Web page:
The district court, pursuant to Federal Rule of Civil Procedure 11(c)(1)(B), ordered Buchanan to show cause why he should not be sanctioned, and UPS and Local 41 moved for reimbursement of attorneys' fees pursuant to 28 U.S.C. § 1927. Buchanan's response to the show cause order focused on six specific paragraphs of the plaintiffs' pleading, which the district court had cited as examples of what it described as "misrepresentations and misstatements," or attempts at controversion that were either "unsupported by record or blatantly non-responsive." He requested that if the court intended to base sanctions on "other specific items," then he should have "an adequate opportunity to respond with explanation."

4

The court's order imposing sanctions addressed Buchanan's statements about notice and opportunity to respond. The court explained that its intention in offering six examples of deficient paragraphs in the pleading was "to provide an outline of the objectionable conduct contained in Document 373 as a whole and not to supply an exclusive list of sanctionable actions." The court reasoned that although Rule 11(c)(1)(B), which permits a court to impose sanctions on its own initiative, requires the court to provide adequate notice prior to levying sanctions, this requirement did not place a burden on the court to enumerate "each and every transgression contained within 480 pages" of the pleading. The court believed that sufficient notice was provided to Buchanan in the order to show cause and the orders granting summary judgment, which were incorporated by reference into the order to show cause.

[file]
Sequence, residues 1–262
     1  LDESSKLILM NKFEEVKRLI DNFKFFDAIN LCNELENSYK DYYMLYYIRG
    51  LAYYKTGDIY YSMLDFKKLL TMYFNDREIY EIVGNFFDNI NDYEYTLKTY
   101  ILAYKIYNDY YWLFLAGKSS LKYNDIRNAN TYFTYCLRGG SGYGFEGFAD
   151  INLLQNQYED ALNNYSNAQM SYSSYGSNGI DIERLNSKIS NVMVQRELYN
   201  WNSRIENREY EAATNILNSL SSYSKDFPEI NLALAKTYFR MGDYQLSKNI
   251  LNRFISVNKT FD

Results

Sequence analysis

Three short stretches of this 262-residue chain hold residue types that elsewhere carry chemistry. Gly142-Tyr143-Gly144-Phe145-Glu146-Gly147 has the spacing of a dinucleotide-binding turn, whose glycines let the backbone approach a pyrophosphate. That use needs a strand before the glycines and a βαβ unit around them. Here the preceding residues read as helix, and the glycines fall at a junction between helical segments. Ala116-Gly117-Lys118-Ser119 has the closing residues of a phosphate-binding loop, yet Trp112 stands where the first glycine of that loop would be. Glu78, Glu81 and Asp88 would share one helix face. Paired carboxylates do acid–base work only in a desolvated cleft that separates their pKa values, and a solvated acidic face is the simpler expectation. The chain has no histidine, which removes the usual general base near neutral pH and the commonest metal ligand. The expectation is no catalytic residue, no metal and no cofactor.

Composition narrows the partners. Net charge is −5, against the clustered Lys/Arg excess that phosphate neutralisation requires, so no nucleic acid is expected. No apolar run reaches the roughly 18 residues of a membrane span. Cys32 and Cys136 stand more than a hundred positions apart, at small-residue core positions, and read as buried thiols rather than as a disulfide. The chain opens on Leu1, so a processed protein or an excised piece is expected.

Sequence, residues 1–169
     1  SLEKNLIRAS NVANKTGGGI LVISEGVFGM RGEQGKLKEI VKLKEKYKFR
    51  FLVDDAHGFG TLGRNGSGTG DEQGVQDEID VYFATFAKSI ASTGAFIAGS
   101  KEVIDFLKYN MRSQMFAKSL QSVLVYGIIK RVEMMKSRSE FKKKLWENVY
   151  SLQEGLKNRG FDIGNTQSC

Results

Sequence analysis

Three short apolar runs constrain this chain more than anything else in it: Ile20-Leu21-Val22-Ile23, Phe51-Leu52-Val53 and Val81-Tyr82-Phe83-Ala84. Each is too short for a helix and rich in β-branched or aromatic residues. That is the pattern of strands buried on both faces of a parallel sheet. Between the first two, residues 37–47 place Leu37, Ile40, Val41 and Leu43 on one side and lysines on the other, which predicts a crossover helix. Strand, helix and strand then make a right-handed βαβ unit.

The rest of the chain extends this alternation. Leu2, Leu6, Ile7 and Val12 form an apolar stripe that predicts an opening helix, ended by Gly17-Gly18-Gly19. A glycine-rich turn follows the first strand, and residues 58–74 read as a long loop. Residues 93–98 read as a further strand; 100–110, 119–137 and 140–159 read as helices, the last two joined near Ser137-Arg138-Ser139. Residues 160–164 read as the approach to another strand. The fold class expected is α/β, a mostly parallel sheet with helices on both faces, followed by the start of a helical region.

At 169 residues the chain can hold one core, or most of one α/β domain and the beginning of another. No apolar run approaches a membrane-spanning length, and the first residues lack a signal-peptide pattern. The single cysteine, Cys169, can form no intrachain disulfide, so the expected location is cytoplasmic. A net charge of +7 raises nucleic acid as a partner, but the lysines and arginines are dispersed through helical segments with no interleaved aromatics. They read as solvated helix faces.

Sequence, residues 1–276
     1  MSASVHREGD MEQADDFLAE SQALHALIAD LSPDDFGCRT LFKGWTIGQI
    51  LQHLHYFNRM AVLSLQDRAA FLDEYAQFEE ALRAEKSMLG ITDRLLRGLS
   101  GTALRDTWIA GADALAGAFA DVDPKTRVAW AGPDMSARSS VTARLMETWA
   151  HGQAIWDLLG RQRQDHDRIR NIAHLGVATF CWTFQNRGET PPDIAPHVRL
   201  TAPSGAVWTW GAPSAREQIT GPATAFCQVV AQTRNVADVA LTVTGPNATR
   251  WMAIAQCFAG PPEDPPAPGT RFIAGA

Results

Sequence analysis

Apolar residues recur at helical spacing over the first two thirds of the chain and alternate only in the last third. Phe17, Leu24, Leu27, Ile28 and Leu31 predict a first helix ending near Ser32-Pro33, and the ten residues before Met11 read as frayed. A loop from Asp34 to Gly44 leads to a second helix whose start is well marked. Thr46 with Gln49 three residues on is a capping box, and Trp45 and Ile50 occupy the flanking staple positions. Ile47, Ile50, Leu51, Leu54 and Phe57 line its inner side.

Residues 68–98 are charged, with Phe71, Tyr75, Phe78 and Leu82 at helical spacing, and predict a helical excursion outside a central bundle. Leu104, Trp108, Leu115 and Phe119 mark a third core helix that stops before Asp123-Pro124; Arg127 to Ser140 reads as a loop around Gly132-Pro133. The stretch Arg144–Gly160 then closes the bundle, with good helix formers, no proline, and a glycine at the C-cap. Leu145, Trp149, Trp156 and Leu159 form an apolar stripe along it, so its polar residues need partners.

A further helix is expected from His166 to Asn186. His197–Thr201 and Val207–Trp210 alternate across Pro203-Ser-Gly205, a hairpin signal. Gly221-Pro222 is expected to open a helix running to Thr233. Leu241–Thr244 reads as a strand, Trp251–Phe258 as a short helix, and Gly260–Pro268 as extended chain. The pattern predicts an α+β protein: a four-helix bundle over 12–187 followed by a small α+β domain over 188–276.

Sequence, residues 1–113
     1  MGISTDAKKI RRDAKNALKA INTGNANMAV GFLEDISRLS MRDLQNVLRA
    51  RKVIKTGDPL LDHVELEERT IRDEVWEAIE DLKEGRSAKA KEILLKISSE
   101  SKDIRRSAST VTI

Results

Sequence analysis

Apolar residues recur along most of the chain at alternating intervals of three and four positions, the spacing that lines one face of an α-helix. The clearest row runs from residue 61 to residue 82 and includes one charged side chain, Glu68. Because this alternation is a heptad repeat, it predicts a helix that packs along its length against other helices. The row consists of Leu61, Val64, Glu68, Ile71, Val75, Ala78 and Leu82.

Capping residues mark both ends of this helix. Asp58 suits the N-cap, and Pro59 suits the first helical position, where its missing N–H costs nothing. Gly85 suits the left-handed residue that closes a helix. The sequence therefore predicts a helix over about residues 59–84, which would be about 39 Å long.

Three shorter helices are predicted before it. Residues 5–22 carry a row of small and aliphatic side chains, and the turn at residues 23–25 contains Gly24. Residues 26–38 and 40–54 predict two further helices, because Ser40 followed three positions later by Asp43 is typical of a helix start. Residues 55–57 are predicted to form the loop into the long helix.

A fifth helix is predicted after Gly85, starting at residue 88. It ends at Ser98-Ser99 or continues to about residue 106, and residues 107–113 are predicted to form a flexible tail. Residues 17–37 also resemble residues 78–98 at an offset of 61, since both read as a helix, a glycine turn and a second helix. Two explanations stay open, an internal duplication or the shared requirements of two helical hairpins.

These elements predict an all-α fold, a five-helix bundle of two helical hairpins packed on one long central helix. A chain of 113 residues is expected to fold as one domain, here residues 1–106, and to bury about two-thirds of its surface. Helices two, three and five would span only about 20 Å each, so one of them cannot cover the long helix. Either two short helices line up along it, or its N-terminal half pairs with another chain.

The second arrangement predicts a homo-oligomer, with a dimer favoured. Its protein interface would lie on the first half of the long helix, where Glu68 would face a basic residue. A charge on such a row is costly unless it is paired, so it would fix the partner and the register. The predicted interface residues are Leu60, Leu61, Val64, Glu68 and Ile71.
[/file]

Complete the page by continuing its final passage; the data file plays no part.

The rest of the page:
5

In explaining its decision to impose sanctions, the court determined that "the length of the document, 480 pages and 948 paragraphs of Fact Statement, when coupled with numerous misstatements and mischaracterizations of the record becomes unduly burdensome." Among other things, "the oppressive size combined with the overall untrustworthy nature of the document had a cumulative effect which [the] Court found to be repugnant to the very concept of judicial economy." The court also found that Buchanan's attempt to justify the length of plaintiffs' brief by comparing it to the combined length of defendants' three summary judgment motions and two reply briefs was "disingenuous," "ill-conceived," and "irrelevant," because two-thirds of the defendants' pages were devoted to responding to Buchanan's pleading.